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If second mortgage creditor intends to f/c.....

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  • If second mortgage creditor intends to f/c.....

    I believe it is arguable that a second mortgage, which has not been liquidated and the unsecured portion of which is contingent upon the results of a foreclosure sale does not count as "noncontingent" or "liquidated."

    Anyone?

  • #2
    To what end? What are you trying to accomplish?

    Comment


    • #3
      Originally posted by HHM View Post
      To what end? What are you trying to accomplish?
      Hi HHM --
      My second mortgage lien strip pushes my unsecured debt above the 109(e) limits. I am trying to structure the petition to avoid the potential lien strip being applied to that limit.

      Comment


      • #4
        This is a difficult issue. I know justbroke's take is to simply check the box as contingent/un-liquidated box on the petition. With unsecured debts, this analysis is fairly straightforward. But for secured debts, like a mortgage, not everyone agrees on how 109(e) applies.

        The problem, most (not all) districts take the view that debt limits are established by what is contained in the debtor's petition.
        contingent / non-contingent
        A 2nd mortgage is not a contingent debt. The claim exists against you as of the date of filing regardless of the value. Contingent debts are debts that only come into existence upon some triggering event. For example, if you took advantage of the $8,000 new home buyers credit in 2009, one of the stipulations of that program is you must live in the home for 3 years. If you sell that house before then, you suddenly owe the IRS $8,000. The IRS's claim in contingent, it doesn't actually exist, unless and until you sell the home within that 3 year period.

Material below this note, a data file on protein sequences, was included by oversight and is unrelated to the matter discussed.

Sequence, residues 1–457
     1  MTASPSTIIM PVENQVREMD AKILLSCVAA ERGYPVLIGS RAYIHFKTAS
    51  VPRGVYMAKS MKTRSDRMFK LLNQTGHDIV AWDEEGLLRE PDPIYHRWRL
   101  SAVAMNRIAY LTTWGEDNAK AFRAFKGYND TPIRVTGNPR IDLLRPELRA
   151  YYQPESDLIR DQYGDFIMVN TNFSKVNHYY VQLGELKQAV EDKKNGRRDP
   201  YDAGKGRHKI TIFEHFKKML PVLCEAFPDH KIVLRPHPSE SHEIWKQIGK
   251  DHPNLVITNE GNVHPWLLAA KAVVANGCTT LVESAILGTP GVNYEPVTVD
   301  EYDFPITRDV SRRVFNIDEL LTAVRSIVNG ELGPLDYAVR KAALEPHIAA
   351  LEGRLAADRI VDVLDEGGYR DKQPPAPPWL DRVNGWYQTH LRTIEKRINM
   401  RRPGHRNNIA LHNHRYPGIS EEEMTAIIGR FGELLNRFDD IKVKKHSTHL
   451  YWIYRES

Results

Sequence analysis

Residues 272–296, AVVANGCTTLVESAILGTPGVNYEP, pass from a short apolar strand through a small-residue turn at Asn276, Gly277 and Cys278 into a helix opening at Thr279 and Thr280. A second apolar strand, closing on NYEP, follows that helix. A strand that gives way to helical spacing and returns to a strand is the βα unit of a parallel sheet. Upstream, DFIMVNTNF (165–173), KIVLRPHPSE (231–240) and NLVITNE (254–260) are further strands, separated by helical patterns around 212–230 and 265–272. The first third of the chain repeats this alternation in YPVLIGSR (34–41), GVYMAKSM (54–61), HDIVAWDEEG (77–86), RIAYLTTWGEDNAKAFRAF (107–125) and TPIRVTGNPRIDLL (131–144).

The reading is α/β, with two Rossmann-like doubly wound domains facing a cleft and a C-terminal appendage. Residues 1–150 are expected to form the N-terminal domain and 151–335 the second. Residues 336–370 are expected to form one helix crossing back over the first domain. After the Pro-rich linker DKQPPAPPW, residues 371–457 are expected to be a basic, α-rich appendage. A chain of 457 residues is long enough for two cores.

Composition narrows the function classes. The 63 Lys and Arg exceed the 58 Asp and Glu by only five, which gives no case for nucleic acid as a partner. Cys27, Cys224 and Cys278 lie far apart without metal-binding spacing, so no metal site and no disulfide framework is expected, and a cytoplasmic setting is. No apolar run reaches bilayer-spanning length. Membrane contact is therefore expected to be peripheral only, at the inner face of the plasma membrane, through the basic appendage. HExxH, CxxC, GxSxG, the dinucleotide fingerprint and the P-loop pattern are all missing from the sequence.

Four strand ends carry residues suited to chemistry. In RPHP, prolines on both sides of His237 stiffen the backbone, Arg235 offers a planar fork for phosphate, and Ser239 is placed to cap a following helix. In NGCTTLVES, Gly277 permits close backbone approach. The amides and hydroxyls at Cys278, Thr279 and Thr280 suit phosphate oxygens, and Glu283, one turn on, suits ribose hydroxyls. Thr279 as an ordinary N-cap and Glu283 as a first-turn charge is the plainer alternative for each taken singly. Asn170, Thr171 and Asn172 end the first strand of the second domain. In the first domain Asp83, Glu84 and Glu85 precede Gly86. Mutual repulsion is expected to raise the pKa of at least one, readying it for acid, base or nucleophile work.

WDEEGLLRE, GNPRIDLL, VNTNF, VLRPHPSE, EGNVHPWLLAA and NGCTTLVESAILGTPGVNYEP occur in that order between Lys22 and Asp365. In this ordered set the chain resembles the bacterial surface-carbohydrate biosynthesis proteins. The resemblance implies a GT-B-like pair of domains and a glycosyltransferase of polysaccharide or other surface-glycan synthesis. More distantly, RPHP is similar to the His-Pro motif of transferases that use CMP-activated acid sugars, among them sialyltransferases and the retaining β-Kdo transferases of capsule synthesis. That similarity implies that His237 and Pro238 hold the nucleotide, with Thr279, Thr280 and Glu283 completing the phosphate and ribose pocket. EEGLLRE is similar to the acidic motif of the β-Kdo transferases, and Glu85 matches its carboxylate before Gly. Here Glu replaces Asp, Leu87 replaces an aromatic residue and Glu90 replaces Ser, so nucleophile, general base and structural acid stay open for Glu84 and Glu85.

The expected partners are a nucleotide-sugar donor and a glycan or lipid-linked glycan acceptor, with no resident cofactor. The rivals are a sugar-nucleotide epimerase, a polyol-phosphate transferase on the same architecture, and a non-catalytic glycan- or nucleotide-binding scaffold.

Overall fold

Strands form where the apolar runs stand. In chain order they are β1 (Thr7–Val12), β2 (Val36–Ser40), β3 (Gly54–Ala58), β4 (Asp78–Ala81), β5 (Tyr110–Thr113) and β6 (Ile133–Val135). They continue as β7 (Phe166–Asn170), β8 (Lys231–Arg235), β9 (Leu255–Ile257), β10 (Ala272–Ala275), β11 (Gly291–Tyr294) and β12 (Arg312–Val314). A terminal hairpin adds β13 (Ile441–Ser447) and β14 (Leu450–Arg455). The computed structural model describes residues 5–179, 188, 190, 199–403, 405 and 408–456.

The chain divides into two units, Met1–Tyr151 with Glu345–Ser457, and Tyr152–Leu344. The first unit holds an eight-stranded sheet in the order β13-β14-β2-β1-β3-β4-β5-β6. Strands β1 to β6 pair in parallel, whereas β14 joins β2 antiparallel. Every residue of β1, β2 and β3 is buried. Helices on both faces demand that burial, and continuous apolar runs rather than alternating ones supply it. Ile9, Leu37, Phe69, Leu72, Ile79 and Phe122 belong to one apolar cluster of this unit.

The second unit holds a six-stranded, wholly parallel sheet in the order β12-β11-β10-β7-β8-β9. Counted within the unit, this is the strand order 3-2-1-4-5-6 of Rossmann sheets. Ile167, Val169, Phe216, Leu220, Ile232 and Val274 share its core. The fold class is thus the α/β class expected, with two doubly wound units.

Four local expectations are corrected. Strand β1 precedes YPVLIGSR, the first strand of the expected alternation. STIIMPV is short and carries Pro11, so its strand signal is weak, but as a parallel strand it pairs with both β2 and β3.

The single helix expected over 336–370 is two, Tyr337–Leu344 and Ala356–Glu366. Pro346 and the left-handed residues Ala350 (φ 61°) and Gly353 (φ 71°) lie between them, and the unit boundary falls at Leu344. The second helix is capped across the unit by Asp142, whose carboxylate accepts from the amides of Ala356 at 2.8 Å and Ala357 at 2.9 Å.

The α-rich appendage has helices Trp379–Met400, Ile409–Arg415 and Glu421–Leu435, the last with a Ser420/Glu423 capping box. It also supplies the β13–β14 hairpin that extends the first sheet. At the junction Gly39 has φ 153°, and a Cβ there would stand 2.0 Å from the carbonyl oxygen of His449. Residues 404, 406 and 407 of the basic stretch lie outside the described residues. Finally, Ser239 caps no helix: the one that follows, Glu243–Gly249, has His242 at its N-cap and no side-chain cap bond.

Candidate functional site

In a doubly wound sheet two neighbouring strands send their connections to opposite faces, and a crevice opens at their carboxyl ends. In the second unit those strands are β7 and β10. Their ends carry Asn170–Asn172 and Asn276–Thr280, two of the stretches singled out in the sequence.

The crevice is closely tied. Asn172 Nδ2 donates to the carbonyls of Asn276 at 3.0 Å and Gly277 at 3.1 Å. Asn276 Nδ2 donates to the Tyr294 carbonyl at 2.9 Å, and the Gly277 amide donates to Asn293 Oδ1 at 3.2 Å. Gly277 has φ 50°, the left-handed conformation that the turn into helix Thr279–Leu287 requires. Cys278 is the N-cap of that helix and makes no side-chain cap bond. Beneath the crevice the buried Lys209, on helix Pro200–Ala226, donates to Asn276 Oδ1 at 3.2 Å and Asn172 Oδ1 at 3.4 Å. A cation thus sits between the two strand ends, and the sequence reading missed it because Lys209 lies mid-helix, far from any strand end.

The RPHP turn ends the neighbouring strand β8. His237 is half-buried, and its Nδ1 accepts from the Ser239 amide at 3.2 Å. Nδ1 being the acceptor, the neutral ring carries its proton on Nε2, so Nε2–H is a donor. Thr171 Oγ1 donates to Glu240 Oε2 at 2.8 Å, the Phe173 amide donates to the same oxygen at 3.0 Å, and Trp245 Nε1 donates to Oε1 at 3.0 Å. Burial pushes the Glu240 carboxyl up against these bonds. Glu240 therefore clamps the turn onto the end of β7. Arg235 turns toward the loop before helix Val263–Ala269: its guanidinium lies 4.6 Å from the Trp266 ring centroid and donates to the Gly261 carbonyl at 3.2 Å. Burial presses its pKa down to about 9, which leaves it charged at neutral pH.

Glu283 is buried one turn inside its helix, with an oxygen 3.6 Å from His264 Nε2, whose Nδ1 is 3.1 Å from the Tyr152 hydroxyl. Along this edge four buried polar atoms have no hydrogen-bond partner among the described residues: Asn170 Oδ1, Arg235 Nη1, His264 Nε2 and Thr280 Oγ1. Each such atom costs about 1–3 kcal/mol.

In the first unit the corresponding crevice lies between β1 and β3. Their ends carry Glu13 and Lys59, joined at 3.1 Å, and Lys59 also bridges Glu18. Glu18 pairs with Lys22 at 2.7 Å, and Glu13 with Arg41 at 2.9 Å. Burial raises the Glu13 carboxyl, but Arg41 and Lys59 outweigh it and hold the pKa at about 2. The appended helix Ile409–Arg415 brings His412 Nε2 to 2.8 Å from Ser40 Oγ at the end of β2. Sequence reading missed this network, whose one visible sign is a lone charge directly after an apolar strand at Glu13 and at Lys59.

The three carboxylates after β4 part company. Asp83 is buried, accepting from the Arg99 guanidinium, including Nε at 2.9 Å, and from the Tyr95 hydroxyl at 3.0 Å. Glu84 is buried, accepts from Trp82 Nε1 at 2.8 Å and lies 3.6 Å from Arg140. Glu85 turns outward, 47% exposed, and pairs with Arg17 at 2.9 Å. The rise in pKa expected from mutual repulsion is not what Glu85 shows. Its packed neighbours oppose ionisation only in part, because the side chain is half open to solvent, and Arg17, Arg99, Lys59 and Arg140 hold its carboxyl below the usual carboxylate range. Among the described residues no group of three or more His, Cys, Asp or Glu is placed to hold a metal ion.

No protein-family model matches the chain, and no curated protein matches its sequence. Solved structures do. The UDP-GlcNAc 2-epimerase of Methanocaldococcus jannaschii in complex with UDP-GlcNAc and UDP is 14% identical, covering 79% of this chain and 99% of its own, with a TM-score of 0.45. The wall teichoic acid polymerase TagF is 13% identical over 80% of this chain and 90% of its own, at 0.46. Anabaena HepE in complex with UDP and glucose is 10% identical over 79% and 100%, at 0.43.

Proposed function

The unsecured portion of a 2nd mortgage is not contingent on anything, you personally guaranteed the mortgage when you took it out. A mortgage is 2 liabilities in 1, (1) security interest in the real estate, and (2) personal guarantee of the borrower. The house is merely collateral, YOU are making payments, that is YOU fulfilling your promise to repay the debt.
        The other line of thought on this is that the unsecured portion of the 2nd mortgage is, in fact contingent, but the bankruptcy is the contingent event. There mere act of filing the case triggers, so the outcome is the same, the debt exists for purposes of 109(e) calculations.

        Liquid vs. non-liquid
        Liquidity of a claim merely goes to whether the amount is known. Easy example, if the debtor has been sued, and some of the claims include tort or common law claims, the amount of damages that may be awarded is unknown. Thus, the claim holder (the plaintiff) has a non-liquid claim until judgment is entered. They have a claim, but we just don't know the full amount. The key with liquidity is not whether their is a dispute as to the amount or whether there needs to be some minor calculating. (note, in the lawsuit scenario, the claim is not contingent, the event that gave rise to claim, e.g. car accident, occurred prior to the BK, so a lawsuit is typically a non-contingent, but non-liquid claim.)

        I think you are in a catch 22 here. Chapter 13 lien strips are all or nothing. And you know the balance of the mortgage. Thus, if you are going to do a lien strip, on your schedule of assets, you must assign a value of the property that is less than the 1st mortgage. What this does, automatically in the petition, is create two entries on your other schedules.